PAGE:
award winning media midwife + artist + producer + professor
Today my heart is heavy as I reflect on the place of my childhood years from birth until age 8. It was Hingham, Massachusetts, a suburb south of Boston. I lived in a modest home right next door to my best childhood friend. Well, it wasn't exactly next door. There was a little forest grove between our homes with a path leading to each other. It was magical to feel the autonomy in what seemed to be a forest. Really it was just a few trees, but to the mind of a young child, it was a mythological world of imagining pirates and dragons, faires and queens sitting for tea time at the grand table of a tree fallen, naturally, in the space between our homes. No plastic cups, just pretend ones. No costumes, just pretend ones. That is what we kids did with time on our hands, un-scheduled. Those were the days when kids went out in the morning during summers and played, dreamed, invented from sunrise to sunset. Our parents were around, but not outside watching us. This way of life ingrained in me the same sense I try to create for my kids. It's not the same in urbanity, of course, but I do carve out slivers and tastes of what a slower, simpler life can provide in the midst of iPod touch land (my son recently bought one with his own, partially-earned, saved money). I do feel pulled to embrace the madness of the jet fast zeitgeist, or else be squashed by its allure. It is the art of holding boundaries to contain and utilize the innovation of the day.
Today after school, my son and his best neighborhood friend, who lives 4 houses away, both turning 8 years old this month, were playing basketball on the street, as their younger siblings drew chalk art on the sidewalk, which had a very similar molasses sort of feel to my experience in Hingham. An elder woman, age 87, drove up slowly with a gigantic, heartfelt smile, her sister's daughter was in the driver's seat. They stopped outside of our home and gazed with nostalgia. I asked if I could help her and she told me, "I raised my three boys in this house 60 years ago. Such fond memories. So much has changed and yet the street feels the same." At the very same time during this lovely interaction, unbeknownst to me in the moment, there was a bomb going off across the country, in what was my childhood home, in the place where I feel nostalgic, in the place where my dad ran the Boston Marathon.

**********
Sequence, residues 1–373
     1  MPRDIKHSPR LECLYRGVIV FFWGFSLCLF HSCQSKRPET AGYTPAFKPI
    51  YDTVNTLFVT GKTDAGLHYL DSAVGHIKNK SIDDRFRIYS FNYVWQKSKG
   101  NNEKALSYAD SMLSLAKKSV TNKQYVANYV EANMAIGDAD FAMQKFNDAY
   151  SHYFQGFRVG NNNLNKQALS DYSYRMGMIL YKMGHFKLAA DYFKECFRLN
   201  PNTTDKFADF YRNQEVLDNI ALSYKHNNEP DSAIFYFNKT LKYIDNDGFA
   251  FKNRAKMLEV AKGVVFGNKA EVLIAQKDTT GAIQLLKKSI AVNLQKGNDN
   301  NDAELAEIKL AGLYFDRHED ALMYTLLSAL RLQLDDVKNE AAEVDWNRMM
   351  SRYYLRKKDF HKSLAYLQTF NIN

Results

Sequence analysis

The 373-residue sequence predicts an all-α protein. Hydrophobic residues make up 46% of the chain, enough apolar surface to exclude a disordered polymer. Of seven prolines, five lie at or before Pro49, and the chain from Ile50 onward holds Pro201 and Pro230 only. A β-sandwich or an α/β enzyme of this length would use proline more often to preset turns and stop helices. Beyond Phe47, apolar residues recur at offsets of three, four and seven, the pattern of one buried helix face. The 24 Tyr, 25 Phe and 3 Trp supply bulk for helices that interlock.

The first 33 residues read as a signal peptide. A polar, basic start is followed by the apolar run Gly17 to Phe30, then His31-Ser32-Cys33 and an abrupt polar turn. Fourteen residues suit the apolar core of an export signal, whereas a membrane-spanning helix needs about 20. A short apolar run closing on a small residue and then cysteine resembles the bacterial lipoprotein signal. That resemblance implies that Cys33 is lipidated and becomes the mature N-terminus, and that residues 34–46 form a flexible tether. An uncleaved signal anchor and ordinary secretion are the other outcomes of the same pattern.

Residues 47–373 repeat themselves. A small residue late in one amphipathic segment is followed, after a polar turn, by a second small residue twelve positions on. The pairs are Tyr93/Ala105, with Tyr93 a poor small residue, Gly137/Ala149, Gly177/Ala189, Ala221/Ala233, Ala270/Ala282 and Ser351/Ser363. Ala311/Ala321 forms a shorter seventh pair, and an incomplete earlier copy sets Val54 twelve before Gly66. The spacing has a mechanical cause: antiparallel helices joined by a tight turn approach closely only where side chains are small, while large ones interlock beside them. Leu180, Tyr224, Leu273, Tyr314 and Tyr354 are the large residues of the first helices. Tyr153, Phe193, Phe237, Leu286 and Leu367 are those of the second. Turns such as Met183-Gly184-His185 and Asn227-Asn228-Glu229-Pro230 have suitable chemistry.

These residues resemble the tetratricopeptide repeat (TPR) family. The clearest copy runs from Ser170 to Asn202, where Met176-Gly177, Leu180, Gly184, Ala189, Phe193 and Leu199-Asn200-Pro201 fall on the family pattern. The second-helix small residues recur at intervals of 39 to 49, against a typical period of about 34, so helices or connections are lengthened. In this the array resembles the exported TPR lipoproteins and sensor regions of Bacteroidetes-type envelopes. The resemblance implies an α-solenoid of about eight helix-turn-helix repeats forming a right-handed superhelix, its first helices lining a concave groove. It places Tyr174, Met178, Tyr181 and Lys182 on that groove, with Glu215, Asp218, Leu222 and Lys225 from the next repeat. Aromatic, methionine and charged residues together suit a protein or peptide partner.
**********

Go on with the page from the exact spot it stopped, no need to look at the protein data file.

The 8 year old boy who lost his life today in this senseless act of violence struck me deeply, not to mention the horrific news of people's limbs exploding off from their bodies. In a Rockwellian moment where childhood can feel so pure, so unadulterated, so timeless, there is another reality at play, simultaneously. Today I am experiencing a visceral sense of holding opposites, as if our humanity depends on feeling both the tragic pain of our world as well as the poetic awe of being alive, breathing, right now in this moment. To understand in our bones that everything can change in the blink of an eye allows for appreciating what is right here right now, together.
The RSA Animate short film, The Empathic Civilization, speaks to this idea that human beings are fundamentally wired to experience pangs of universal empathy. This characteristic bonds us to each other and what matters most as it relates to our survival: face-to-face, empathic connection, which is where our species is ultimately headed.
Another song is coming.... I can feel it.